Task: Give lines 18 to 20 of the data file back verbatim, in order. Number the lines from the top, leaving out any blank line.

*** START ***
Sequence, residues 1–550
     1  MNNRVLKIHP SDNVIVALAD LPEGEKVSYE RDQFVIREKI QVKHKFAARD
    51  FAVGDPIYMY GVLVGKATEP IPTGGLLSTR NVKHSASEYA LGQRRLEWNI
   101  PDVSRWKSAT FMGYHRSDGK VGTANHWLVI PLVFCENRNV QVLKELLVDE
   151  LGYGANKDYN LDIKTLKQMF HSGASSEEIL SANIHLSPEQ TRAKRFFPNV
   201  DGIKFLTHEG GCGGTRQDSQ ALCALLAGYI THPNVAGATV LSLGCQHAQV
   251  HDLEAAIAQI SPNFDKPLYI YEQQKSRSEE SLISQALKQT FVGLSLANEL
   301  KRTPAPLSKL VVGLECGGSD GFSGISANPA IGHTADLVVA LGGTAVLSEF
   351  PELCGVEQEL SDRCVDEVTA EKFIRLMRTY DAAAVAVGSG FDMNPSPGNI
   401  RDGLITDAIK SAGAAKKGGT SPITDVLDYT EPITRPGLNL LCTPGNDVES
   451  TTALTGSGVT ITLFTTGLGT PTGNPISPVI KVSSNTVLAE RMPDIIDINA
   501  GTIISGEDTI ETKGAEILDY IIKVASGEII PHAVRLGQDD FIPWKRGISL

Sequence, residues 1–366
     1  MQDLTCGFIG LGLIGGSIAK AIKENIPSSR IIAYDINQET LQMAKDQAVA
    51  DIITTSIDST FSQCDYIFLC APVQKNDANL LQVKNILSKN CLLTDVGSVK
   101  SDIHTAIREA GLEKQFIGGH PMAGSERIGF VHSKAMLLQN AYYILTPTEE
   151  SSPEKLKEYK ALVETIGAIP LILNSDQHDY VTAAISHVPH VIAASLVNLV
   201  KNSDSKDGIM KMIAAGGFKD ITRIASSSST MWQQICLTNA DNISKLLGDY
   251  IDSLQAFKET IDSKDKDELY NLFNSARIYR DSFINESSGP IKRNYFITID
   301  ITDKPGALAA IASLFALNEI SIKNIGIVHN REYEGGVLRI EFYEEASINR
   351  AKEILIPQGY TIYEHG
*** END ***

   201  KNSDSKDGIM KMIAAGGFKD ITRIASSSST MWQQICLTNA DNISKLLGDY
   251  IDSLQAFKET IDSKDKDELY NLFNSARIYR DSFINESSGP IKRNYFITID
   301  ITDKPGALAA IASLFALNEI SIKNIGIVHN REYEGGVLRI EFYEEASINR